Graphite-moderated reactor


A graphite-moderated reactor is a nuclear reactor that uses carbon as a neutron moderator, which allows natural uranium to be used as nuclear fuel.

Diagram of a nuclear reactor using graphite as a moderator
"Graphite reactor" directs here. For the graphite reactor at Oak Ridge National Laboratory, see X-10 Graphite Reactor.

The first artificial nuclear reactor, the Chicago Pile-1, used nuclear graphite as a moderator. Graphite-moderated reactors were involved in two of the best-known nuclear disasters: an untested graphite annealing process contributed to the Windscale fire (but the graphite itself did not catch fire), while a graphite fire during the Chernobyl disaster contributed to the spread of radioactive material.

Types edit

Several types of graphite-moderated nuclear reactors have been used in commercial electricity generation:

Research reactors edit

There have been a number of research or test reactors built that use graphite as the moderator.

History edit

S.R. Sapirie, Senator Albert Gore Sr, Senator Lyndon Johnson and Dr. John Swartout looking at a model of a graphite reactor at Oak Ridge National Lab, on October 19, 1958.

The first artificial nuclear reactor, Chicago Pile-1, a graphite-moderated device that produced between 0.5 watts and 200 watts , was constructed by a team led by Enrico Fermi in 1942. The construction and testing of this reactor (an "atomic pile") was part of the Manhattan Project. This work led to the construction of the X-10 Graphite Reactor at Oak Ridge National Laboratory, which was the first nuclear reactor designed and built for continuous operation, and began operation in 1943.

Accidents edit

There have been several major accidents in graphite-moderated reactors, with the Windscale fire and the Chernobyl disaster probably the best known.

In the Windscale fire, an untested annealing process for the graphite was used, and that contributed to the accident – however it was the uranium fuel rather than the graphite in the reactor that caught fire. The only graphite moderator damage was found to be localized around burning fuel elements.[1][2]

In the Chernobyl disaster, the graphite was a contributing factor to the cause of the accident. Due to overheating from lack of adequate cooling, the fuel rods began to deteriorate. After the SCRAM (AZ5) button was pressed to shut down the reactor, the control rods jammed in the middle of the core, causing a positive loop, since the nuclear fuel reacted to graphite. This has been dubbed the "final trigger" of events before the rupture. A graphite fire after the main event contributed to the spread of radioactive material. The massive power excursion in Chernobyl during a mishandled test led to the rupture of the reactor vessel and a series of steam explosions, which destroyed the reactor building. Now exposed to both air and the heat from the reactor core, the graphite moderator in the reactor core caught fire, and this fire sent a plume of highly radioactive fallout into the atmosphere and over an extensive geographical area.[3]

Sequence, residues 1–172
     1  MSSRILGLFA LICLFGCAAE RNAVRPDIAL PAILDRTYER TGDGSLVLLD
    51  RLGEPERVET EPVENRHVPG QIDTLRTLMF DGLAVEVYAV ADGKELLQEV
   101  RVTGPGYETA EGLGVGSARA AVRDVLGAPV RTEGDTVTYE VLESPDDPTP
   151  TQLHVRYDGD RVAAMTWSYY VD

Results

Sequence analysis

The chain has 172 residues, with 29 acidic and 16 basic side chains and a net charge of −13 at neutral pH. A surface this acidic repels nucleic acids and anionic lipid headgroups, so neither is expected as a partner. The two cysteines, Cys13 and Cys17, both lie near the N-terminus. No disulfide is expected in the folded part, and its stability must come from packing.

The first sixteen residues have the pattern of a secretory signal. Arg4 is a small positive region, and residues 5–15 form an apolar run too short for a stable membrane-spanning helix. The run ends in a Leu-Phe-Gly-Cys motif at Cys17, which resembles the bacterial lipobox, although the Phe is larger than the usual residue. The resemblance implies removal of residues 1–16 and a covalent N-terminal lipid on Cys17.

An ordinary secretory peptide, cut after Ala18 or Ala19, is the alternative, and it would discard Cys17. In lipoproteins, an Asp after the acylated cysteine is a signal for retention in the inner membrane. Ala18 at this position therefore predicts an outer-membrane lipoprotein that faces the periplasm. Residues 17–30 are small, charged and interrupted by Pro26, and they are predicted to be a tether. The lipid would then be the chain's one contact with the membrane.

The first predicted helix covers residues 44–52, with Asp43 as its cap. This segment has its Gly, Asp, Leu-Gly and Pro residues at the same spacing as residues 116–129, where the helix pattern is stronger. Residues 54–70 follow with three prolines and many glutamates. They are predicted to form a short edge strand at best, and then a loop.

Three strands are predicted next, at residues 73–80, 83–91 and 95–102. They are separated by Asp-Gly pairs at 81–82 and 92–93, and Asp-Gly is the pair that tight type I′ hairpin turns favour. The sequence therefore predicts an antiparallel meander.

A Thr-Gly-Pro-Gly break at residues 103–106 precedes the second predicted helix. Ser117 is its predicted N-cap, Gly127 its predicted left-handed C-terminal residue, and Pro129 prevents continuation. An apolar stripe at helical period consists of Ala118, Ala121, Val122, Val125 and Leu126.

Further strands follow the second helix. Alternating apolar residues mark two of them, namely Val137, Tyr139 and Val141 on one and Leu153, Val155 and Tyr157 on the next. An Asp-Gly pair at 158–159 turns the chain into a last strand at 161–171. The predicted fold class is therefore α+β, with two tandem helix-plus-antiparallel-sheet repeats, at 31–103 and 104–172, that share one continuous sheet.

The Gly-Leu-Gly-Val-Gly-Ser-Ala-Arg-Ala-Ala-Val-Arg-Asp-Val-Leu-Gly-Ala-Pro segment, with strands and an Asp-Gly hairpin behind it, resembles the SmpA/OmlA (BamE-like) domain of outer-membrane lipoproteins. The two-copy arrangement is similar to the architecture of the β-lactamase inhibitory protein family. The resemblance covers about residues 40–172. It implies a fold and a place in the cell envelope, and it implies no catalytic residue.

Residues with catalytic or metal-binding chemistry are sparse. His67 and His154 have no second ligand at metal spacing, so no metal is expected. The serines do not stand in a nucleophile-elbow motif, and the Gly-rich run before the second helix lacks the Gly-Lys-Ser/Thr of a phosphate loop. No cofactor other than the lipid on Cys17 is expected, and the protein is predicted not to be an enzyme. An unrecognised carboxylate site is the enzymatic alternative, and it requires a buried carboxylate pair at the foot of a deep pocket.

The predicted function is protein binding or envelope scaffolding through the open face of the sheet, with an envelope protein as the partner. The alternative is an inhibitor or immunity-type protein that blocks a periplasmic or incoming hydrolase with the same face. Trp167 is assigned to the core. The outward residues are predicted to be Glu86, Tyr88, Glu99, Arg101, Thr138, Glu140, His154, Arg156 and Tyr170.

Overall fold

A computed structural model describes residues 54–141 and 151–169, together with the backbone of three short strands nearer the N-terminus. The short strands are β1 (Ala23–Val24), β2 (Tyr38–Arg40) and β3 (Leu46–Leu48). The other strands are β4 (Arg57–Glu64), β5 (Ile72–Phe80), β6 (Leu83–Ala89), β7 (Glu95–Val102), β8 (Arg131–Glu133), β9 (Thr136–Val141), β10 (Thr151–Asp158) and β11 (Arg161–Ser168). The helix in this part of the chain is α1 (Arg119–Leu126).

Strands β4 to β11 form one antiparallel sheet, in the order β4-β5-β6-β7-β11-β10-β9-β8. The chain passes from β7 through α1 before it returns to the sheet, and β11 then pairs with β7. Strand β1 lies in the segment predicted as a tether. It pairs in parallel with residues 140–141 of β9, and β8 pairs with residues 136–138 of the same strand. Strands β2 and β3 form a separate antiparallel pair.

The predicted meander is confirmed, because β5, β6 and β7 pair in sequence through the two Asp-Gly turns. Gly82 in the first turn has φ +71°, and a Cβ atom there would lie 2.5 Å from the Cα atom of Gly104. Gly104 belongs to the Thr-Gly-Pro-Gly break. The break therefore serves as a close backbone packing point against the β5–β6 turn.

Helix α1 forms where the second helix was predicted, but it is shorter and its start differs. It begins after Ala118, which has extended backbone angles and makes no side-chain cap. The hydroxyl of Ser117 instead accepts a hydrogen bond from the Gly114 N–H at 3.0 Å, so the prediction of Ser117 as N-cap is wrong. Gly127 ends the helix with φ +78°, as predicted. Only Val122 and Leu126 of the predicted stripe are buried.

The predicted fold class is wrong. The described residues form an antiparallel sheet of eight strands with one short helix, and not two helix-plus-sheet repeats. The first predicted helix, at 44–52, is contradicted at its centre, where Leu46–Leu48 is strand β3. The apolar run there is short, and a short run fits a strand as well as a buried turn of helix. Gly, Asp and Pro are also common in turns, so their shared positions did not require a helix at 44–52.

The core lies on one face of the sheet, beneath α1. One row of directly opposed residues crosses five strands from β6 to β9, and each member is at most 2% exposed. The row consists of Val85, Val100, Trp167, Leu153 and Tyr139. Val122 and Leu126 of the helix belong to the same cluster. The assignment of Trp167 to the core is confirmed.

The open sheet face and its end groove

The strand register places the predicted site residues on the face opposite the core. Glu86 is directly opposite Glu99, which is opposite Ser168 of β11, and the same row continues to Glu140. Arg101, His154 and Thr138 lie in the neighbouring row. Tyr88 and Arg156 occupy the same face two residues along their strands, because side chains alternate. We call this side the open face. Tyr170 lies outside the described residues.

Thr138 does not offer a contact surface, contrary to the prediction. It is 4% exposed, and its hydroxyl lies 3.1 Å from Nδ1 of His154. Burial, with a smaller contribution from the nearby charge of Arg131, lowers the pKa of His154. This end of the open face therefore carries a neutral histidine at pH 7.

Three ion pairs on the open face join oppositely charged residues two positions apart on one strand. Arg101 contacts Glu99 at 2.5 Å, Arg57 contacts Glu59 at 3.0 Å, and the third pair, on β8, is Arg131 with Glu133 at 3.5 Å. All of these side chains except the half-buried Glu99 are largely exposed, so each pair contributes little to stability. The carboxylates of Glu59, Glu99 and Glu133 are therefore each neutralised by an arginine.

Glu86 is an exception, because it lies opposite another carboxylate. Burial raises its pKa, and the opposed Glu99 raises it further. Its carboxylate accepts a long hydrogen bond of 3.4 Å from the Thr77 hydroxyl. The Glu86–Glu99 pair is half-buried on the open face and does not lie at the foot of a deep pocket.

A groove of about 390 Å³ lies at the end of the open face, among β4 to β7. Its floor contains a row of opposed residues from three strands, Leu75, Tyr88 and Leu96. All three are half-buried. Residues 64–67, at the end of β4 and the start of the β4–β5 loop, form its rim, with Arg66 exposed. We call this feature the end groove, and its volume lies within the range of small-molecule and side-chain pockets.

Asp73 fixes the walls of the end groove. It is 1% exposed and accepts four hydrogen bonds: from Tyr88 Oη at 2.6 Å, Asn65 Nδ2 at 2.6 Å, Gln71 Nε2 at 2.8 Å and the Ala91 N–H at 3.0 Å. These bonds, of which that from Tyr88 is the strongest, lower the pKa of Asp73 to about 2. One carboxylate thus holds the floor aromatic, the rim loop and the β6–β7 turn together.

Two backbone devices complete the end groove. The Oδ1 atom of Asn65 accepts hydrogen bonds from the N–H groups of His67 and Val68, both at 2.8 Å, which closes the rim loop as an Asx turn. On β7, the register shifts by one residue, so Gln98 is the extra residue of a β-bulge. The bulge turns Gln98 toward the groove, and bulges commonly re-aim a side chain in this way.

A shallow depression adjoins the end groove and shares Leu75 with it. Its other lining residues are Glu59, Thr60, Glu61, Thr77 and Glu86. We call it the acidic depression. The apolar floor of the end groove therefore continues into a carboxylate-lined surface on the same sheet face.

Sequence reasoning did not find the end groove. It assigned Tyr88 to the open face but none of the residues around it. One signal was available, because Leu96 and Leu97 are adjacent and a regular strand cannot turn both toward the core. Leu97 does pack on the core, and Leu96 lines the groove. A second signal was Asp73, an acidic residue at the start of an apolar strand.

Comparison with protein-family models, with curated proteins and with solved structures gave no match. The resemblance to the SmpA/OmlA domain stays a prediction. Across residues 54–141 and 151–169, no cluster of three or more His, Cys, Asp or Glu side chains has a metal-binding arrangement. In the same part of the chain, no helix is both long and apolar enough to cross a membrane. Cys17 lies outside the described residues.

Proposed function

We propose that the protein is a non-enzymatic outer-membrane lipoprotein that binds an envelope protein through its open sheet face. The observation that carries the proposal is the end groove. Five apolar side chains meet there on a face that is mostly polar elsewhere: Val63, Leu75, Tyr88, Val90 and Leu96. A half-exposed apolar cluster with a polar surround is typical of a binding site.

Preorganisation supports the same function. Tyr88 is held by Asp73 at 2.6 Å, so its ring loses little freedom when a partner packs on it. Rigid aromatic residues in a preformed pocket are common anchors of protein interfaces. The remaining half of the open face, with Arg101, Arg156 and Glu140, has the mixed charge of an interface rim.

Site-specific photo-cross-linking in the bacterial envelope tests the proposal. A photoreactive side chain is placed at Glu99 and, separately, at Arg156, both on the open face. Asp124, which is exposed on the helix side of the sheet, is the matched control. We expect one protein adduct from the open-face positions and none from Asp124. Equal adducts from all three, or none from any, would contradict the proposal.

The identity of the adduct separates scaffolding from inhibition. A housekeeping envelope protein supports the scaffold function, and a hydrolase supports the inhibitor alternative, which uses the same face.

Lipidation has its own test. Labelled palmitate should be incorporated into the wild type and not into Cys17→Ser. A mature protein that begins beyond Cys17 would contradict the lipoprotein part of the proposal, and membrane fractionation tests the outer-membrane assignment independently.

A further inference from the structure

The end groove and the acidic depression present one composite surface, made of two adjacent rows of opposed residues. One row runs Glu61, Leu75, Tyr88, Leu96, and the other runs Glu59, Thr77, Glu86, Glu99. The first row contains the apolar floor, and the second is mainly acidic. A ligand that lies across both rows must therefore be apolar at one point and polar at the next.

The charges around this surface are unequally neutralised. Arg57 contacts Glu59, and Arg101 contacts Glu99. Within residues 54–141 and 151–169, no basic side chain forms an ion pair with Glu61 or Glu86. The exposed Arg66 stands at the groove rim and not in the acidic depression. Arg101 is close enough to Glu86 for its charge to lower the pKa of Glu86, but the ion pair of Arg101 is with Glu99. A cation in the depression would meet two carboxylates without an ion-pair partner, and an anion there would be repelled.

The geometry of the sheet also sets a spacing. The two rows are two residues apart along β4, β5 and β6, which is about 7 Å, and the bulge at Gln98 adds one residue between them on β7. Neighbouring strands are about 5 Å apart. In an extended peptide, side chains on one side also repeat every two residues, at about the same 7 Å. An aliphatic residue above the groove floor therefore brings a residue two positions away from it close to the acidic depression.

In addition, the French Saint-Laurent Nuclear Power Plant and the Spanish Vandellòs Nuclear Power Plant – both UNGG graphite-moderated natural uranium reactors – suffered major accidents. Particularly noteworthy is a partial core meltdown on 17 October 1969 and a heat excursion during graphite annealing on 13 March 1980 in Saint-Laurent, which were both classified as INES 4. The Vandellòs NPP was damaged on 19 October 1989, and a repair was considered uneconomical.

References edit

  1. ^ "Meeting of RG2 with Windscale Pile 1 Decommissioning Project Team" (PDF). Nuclear Safety Advisory Committee. 2005-09-29. NuSAC(2005)P 18. Archived from the original (PDF) on 2020-10-19. Retrieved 2008-11-26.
  2. ^ Marsden, B.J.; Preston, S.D.; Wickham, A.J. (8–10 September 1997). "Evaluation of graphite safety issues for the British production piles at Windscale". AEA Technology. IAEA. IAEA-TECDOC—1043. Retrieved 13 November 2010.
  3. ^ "Frequently Asked Chernobyl Questions". International Atomic Energy Agency – Division of Public Information. May 2005. Archived from the original on 23 February 2011. Retrieved 23 March 2011.